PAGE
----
Pension freedoms: what can I do with a lump sum?

Wednesday, February 10, 2016

A Stocks and Shares ISA could provide a flexible solution

Thanks to the UK pension changes, getting your hands on your pension fund means you now have the freedom to spend it or let it carry on earning interest. It’s a big decision that could have a lasting impact on your golden years. If you’d like the opportunity to do a bit of both, then a Stocks and Shares ISA could be what you’re looking for.

Pension freedoms

Take it or leave it?

Let’s start with what the pension options are. Essentially, as long as you have a ‘defined contribution pension’, such as an individual or group personal pension or a stakeholder pension (the rules don’t apply to state pensions), and you reach age 55, you could:

  • Leave your pension untouched
  • Take cash out when you want it, but only 25% of each withdrawal will be tax-free
  • Take up to 25% as tax-free cash then use the remaining fund to buy an annuity (a scheme that provides you with a guaranteed fixed income for the rest of your life)
  • Take out your entire pension as a lump sum. If you do this, the first 25% will be tax-free, but the remainder will be taxed as income

Decisions, decisions?

There are many things to factor in when deciding what to do, but a couple of key ones are:

  • You might outlive your pension. If you take too much money out you could find that your fund doesn’t last as long as you do. Plus, although the money may be long spent, it could still be taken into account when determining whether you’re entitled to any benefits.

  • You could pay more tax. The first 25% of your pension is tax-free cash, the rest is treated as income for tax purposes. Take out a large lump sum and it could leave you with a large tax bill you might have avoided if you’d taken the money out gradually.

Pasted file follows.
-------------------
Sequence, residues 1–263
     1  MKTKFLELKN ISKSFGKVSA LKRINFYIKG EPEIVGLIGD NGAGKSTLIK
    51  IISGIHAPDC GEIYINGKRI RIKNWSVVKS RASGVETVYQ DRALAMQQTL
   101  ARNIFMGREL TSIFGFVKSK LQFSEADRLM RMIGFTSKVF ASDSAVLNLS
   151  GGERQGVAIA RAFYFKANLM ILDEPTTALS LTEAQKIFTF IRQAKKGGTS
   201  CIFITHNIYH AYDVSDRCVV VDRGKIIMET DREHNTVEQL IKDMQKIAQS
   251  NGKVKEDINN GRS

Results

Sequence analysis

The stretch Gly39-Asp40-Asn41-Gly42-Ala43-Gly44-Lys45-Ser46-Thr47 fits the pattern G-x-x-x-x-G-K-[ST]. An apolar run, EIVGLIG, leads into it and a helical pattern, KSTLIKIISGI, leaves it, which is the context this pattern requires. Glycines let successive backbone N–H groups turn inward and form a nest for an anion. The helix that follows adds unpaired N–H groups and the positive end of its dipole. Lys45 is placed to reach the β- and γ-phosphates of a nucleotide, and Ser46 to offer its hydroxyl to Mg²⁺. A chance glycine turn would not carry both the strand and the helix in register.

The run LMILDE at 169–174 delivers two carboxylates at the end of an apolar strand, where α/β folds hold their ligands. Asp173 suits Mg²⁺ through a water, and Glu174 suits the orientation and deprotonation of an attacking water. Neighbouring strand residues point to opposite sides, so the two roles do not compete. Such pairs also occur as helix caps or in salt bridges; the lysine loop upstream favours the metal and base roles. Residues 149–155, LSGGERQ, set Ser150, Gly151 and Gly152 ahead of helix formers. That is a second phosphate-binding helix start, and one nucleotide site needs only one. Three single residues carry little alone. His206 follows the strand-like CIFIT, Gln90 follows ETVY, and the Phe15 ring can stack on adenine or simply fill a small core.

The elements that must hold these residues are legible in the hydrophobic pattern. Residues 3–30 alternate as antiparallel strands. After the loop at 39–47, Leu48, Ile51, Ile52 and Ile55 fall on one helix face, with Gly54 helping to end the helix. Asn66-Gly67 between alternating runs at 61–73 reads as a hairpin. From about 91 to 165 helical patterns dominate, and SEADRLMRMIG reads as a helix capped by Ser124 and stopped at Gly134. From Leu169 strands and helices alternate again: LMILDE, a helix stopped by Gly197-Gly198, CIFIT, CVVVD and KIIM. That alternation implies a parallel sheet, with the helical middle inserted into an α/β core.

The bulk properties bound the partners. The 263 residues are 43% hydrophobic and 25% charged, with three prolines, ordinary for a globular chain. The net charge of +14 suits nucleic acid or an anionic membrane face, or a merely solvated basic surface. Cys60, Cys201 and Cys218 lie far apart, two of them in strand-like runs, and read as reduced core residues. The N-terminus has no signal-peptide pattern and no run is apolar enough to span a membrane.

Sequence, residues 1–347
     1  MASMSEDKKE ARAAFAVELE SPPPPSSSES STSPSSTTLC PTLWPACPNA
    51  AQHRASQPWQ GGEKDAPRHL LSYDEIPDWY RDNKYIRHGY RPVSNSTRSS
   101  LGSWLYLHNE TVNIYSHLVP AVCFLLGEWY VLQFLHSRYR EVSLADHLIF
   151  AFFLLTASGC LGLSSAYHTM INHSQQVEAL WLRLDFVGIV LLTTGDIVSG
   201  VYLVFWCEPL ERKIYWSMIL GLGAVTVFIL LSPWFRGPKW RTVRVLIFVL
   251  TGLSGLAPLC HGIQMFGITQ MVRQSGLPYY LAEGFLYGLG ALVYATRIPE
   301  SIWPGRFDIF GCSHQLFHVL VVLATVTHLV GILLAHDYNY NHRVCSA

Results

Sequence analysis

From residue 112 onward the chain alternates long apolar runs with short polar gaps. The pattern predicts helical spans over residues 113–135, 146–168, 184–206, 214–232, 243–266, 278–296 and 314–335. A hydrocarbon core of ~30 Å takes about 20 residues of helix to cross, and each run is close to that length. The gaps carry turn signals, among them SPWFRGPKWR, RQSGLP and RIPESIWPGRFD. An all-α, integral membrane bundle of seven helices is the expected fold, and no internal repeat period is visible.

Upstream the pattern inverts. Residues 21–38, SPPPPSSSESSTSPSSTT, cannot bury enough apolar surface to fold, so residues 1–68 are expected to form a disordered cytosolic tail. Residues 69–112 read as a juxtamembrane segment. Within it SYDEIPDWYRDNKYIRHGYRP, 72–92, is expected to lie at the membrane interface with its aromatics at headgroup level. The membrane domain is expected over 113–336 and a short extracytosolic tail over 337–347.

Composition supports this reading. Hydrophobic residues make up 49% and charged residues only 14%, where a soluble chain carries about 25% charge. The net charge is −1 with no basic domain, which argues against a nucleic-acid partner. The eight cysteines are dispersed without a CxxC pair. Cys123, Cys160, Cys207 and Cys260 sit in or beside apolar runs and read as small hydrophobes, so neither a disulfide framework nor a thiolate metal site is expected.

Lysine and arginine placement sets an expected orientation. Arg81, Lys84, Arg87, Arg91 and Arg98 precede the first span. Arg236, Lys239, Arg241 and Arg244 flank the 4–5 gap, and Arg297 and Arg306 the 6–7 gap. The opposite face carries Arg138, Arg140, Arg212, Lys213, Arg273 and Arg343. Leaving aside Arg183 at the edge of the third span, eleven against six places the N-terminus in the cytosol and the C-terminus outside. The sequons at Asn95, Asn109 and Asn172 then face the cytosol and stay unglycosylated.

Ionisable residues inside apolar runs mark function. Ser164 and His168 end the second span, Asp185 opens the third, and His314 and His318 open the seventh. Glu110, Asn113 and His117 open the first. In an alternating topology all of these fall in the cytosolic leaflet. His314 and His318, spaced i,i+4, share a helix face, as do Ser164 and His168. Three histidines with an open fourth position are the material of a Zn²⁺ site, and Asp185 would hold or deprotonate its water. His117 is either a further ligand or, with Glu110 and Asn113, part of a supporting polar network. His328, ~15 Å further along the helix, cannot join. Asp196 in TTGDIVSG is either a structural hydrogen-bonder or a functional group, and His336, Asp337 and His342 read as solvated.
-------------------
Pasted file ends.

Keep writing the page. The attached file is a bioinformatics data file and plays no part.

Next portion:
What’s tax efficient and flexible?

Deciding what to do with your pension fund is a big decision. If you choose to take out some of it and aren’t sure what to do with the money one option to consider is investing it in a Stocks & Shares ISA. Here’s some things to consider: 

  • You can pay in lump sums – up to the annual ISA allowance, currently £15,240 for the 2015/2016 tax year. Each April, you’ve a fresh allowance to use which means you can keep topping your ISA up 
  • Once your money is in there, it stays tax-free, year after year. Someone who’d filled their ISA allowance every year since they started in 1999 could now have getting on for £100,000, including interest protected from the taxman*. 
  • You can withdraw your money free of tax, although different providers have different rules and conditions about when you are able to access your money.
  • A Stocks & Shares NISA is intended to be a longer-term investment, which can potentially yield better returns than a Cash NISA

But remember…

  • Depending on how long you’ve had the ISA and when you withdraw money, as with any investment linked to the stock market, you could end up getting back less than you put in.
  • ISAs provide an opportunity for potential growth of your money but this will depend on the performance of the Stock Market and any other asset types your money may be invested in.

Take a look at Foresters' Stocks and Shares NISA

Please note:

  • Tax rules may change and depend on individual circumstances. 
  • The content of this article is for information purposes only and does not constitute financial advice. We do not offer financial advice.  If you're unsure as to the suitability of a product you should seek advice from a Financial Adviser. You may have to pay for this advice.

 


Where next?


*Source: Martin Lewis Six reasons why ISAs still beat other savings accounts 

 
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